Despite lagging behind traditional Japanese manufacturers the non-traditional Chinese manufacturers are steadily increasing their share in the overall production of two-wheelers in the country.


In the fiscal 2004-05, a total of 570,706 motorcycles were produced in the country, of which 451,949 or 60 per cent were assembled by the three traditional Japanese manufacturers. The remaining 299,718 units were assembled by 22 non-traditional Chinese manufacturers whose collective share in overall production was 40 per cent. Another 14 approved assemblers did not commence production during the year.

The total installed production capacity stood at 1,007,000 units, of which 540,000 units came from traditional assemblers- Honda 400,000, Yamaha 80,000 and Suzuki 60,000. The remaining 467,000 units came from the remaining 22 non-traditional assemblers. This shows that just 56 per cent of the production capacity was overall utilized, i.e a huge 44 per cent under-utilization of the overall production capacity.

Fourteen approved non-traditional assemblers had not commenced production in 2004-05.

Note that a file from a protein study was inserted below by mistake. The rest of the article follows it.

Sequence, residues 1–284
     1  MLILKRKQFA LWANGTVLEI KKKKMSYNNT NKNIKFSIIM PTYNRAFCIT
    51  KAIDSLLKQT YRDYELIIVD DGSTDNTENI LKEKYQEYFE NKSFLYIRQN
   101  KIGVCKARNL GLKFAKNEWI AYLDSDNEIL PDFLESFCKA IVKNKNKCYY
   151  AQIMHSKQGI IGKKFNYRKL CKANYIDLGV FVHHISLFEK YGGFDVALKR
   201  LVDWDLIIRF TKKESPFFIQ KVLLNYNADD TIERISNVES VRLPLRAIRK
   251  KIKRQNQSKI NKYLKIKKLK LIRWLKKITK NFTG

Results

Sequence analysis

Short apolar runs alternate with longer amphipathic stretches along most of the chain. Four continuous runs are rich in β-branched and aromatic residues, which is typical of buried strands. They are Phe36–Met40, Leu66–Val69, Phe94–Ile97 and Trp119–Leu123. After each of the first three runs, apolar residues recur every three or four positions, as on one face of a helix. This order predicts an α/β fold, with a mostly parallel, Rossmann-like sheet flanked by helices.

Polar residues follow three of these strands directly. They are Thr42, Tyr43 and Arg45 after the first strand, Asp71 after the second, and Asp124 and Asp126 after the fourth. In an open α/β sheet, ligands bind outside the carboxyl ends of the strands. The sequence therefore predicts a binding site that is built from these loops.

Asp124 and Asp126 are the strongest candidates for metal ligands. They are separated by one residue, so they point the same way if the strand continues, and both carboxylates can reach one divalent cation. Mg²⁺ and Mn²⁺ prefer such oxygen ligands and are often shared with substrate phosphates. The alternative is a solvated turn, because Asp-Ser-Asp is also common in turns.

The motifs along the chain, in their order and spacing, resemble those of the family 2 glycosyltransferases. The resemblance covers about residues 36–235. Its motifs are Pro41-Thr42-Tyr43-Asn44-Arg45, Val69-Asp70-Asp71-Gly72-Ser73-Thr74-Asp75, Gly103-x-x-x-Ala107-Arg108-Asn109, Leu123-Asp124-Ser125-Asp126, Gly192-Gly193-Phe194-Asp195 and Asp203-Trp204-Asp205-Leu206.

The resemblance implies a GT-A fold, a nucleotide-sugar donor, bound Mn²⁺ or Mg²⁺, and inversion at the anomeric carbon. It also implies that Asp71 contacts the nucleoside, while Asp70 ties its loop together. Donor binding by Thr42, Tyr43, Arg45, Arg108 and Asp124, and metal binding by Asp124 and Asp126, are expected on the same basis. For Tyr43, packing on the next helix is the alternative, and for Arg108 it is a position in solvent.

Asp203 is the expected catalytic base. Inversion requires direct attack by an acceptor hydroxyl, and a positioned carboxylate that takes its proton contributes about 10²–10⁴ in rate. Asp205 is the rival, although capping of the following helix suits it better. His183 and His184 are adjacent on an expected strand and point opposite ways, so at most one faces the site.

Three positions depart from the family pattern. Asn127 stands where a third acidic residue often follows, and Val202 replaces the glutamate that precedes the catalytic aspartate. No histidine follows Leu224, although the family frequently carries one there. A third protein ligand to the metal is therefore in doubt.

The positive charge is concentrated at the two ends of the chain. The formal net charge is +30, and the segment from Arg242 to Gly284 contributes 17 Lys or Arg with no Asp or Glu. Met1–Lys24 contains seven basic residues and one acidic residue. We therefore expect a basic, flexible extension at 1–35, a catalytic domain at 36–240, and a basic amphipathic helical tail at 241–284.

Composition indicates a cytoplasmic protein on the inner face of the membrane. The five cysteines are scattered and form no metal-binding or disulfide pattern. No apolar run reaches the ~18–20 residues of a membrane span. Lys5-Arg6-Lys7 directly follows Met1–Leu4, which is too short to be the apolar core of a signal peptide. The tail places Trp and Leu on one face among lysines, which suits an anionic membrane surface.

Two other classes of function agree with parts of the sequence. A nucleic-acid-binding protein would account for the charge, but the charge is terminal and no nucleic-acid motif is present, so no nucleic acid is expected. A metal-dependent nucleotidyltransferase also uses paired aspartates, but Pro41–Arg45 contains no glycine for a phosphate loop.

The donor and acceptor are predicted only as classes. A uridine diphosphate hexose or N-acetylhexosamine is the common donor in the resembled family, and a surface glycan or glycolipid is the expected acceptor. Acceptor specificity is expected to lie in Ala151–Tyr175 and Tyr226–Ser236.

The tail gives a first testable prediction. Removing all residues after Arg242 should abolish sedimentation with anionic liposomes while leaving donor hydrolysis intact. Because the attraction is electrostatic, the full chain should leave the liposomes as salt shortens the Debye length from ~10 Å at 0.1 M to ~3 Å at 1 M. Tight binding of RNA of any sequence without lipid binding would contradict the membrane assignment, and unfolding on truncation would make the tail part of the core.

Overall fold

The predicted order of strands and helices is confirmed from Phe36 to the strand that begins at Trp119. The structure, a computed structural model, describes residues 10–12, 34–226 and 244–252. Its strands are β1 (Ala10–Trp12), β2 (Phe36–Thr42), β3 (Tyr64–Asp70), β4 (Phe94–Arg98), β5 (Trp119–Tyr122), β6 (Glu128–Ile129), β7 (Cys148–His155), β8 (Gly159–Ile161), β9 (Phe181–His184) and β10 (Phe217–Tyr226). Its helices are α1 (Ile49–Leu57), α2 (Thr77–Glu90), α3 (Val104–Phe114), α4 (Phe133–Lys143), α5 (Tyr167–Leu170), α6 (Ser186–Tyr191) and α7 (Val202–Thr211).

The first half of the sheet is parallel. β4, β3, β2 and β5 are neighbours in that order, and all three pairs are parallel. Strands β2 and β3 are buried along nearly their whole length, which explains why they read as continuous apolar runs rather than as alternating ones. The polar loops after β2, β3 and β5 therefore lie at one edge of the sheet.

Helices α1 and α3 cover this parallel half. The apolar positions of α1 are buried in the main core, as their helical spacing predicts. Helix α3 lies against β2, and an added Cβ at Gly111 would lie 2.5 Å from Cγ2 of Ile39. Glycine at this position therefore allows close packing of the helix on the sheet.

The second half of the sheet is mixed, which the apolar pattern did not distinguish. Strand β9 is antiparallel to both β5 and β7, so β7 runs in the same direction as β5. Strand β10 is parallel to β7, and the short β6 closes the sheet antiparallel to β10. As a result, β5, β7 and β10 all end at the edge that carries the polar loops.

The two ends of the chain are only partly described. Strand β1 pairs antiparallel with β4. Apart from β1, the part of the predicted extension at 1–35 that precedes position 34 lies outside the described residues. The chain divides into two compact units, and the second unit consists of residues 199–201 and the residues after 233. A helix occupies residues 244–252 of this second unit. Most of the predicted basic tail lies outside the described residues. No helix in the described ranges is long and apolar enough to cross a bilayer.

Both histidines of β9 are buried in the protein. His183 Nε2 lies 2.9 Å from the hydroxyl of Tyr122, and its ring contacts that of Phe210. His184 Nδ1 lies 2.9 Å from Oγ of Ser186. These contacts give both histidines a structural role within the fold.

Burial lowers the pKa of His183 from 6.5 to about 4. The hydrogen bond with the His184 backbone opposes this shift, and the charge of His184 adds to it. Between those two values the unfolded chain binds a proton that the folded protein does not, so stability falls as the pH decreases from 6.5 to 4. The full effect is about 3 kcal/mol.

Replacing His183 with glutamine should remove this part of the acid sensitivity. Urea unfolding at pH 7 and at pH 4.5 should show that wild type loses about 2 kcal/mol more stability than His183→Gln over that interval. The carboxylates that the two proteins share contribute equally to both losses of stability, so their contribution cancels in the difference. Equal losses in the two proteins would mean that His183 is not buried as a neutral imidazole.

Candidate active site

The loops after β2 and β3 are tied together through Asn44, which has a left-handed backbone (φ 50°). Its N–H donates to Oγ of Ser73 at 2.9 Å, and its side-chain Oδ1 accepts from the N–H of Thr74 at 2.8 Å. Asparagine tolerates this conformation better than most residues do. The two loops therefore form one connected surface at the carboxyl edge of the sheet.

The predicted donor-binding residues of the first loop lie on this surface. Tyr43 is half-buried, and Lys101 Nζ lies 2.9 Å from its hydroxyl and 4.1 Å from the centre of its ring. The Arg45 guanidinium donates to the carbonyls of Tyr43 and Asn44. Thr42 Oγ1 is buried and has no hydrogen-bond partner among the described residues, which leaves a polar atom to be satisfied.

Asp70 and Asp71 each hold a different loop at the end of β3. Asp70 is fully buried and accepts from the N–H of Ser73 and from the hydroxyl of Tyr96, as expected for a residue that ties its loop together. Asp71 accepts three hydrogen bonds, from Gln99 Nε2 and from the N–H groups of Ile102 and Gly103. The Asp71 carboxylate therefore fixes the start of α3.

Fourteen approved assemblers, all non-traditional, commenced operation during the year, pushing the total number of manufacturers to 39 and overall production capacity from 1,007,000 units in fiscal 2004-05 to 1,187,000 units in 2005-06 - an increase of 180,000 units.

A total of 751,667 two-wheelers were produced - 451,949 units by the traditional and the remaining 299,718 units by the non-traditional assemblers. Thus 60 per cent of all the two-wheelers were produced by the traditional assemblers while 40 per cent were produced by the non-traditional assemblers. Total capacity utilization was 63.5 per cent that depicted an improvement of 7.5 per cent over 2004-05.